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. 2017 Feb 13;31(2):225-239.
doi: 10.1016/j.ccell.2017.01.005.

Characterization of Human Cancer Cell Lines by Reverse-phase Protein Arrays

Free PMC article

Characterization of Human Cancer Cell Lines by Reverse-phase Protein Arrays

Jun Li et al. Cancer Cell. .
Free PMC article


Cancer cell lines are major model systems for mechanistic investigation and drug development. However, protein expression data linked to high-quality DNA, RNA, and drug-screening data have not been available across a large number of cancer cell lines. Using reverse-phase protein arrays, we measured expression levels of ∼230 key cancer-related proteins in >650 independent cell lines, many of which have publically available genomic, transcriptomic, and drug-screening data. Our dataset recapitulates the effects of mutated pathways on protein expression observed in patient samples, and demonstrates that proteins and particularly phosphoproteins provide information for predicting drug sensitivity that is not available from the corresponding mRNAs. We also developed a user-friendly bioinformatic resource, MCLP, to help serve the biomedical research community.

Keywords: biomarker; cancer cell lines; data portal; drug sensitivity; proteomics; reverse-phase protein array; signaling pathways.


Figure 1
Figure 1. Overview of the MCLP cell line dataset and associated molecular and drug data
(A) Venn diagram of the MCLP cell line set with other large public cell line resources, including CCLE, COSMIC Cell Lines Project, and Genentech Cell Lines Project. (B) Distribution of MCLP cell lines in various lineages. (C) Heatmaps summarizing the publically available mRNA expression, copy number alteration, single nucleotide variation and drug sensitivity data. In the heatmaps, each vertical line in the top row represents a cell line in the MCLP set, and each line in other rows indicates the corresponding molecular data is available for that specific data type. The CTRPv2 drug sensitivity data were based on CCLE cell lines, and the GDSC data were based on COSMIC cell lines. (D) RPPA data reproducibility based on replicate samples of NCI60 cell lines. Random pairs were sampled from NCI60 cell lines only. (E) Correlations of derivative cell lines relative to random cell line pairs that were sampled from all cell lines surveyed. (F) Correlations of total- phosphorylated protein pairs relative to random protein pairs. Vertical dotted lines indicate the median values. See also Table S1 and Figure S1.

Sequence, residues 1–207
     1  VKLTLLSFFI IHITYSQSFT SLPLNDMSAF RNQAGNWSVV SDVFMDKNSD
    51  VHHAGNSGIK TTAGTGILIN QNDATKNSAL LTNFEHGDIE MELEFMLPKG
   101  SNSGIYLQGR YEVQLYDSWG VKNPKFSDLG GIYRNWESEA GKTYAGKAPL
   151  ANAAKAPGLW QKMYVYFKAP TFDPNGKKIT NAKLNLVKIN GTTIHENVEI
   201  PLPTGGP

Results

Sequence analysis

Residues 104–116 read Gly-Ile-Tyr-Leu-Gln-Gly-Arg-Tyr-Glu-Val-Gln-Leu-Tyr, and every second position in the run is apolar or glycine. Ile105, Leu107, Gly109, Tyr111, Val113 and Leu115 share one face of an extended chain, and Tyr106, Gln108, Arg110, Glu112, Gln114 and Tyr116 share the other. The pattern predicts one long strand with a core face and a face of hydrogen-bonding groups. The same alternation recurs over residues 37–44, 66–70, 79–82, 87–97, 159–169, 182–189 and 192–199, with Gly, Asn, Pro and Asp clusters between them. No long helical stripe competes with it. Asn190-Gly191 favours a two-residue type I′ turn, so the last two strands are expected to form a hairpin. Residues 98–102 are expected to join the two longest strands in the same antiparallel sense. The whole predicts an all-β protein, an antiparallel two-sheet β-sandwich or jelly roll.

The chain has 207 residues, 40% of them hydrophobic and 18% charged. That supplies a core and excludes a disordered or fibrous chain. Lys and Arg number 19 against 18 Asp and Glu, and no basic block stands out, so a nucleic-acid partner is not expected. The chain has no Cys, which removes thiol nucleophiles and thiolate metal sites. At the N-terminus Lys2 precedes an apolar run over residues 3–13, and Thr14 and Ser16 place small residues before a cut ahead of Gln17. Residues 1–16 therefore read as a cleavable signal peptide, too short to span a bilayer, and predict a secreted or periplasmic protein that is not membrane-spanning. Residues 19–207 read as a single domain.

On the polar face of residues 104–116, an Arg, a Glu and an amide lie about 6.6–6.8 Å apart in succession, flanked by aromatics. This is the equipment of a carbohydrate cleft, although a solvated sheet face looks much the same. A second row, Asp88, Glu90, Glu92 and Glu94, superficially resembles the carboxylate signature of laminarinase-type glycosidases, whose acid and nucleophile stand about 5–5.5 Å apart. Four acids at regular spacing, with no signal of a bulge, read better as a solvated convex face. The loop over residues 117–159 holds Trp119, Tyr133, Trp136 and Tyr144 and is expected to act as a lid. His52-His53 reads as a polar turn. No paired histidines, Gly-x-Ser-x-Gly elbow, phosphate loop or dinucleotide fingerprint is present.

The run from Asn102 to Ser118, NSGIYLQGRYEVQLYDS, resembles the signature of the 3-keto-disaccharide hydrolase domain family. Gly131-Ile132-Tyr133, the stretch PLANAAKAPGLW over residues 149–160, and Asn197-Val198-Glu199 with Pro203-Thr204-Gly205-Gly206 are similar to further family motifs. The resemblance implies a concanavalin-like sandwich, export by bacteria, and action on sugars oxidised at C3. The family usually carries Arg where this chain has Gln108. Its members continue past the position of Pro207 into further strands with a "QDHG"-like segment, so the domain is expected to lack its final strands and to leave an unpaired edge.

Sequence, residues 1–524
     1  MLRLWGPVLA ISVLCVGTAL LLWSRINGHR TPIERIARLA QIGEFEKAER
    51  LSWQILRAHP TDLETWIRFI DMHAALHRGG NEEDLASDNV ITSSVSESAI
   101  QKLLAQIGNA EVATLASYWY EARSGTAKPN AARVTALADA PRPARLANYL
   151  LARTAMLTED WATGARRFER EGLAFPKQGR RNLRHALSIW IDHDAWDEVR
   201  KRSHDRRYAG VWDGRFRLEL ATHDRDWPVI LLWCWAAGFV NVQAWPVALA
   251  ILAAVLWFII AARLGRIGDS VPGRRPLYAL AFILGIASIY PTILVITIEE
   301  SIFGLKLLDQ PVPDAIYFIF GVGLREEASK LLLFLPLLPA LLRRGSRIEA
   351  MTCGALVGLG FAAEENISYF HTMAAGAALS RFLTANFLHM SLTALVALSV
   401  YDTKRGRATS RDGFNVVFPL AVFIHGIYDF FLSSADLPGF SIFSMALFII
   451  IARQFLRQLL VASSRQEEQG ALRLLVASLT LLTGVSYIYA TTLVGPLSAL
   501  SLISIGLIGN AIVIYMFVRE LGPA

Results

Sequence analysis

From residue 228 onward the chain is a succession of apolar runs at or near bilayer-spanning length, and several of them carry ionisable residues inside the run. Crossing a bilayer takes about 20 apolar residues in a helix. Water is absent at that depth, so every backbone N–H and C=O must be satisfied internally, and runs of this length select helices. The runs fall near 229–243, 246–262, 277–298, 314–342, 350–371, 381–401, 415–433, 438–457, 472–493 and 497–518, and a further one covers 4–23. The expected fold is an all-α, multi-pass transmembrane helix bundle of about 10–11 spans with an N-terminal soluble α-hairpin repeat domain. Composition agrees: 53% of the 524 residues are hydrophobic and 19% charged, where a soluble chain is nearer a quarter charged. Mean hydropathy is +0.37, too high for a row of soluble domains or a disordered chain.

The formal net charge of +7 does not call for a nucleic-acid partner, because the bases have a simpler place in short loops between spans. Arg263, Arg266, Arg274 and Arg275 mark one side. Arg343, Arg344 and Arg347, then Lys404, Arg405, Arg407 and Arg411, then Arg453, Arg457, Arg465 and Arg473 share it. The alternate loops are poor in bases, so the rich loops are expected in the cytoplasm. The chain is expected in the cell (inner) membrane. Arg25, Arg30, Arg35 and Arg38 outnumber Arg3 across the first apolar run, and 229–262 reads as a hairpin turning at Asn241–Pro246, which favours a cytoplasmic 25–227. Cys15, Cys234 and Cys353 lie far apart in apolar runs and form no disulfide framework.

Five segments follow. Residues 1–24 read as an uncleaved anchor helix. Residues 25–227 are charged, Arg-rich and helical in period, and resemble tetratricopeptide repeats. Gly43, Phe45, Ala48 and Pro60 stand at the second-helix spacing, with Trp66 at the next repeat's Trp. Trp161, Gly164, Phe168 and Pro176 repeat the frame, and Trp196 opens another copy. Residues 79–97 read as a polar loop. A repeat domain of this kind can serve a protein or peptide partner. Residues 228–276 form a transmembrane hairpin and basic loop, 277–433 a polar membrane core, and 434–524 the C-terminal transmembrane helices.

Figure 2
Figure 2. Comparison of protein and mRNA expression in MCLP cell lines
(A) Box plots of the expression correlations of matched mRNA and protein pairs in different lineages. Box boundaries mark the first and third quartiles, with the median in the center, and whiskers extending to 1.5 interquartile range from the boundaries. The striped box plots were based on the protein sets after excluding the 20% of proteins with the lowest coefficient of variation within each lineage. (B) Distribution of the number of lineages in which the mRNA and protein pair show a significant correlation. Three protein groups are shown in different colors. (C) Co-expression network of protein–protein expression. See also Tables S2-4 and Figure S2.
Figure 3
Figure 3. Clustered heatmap of MCLP cell lines based on RPPA protein expression data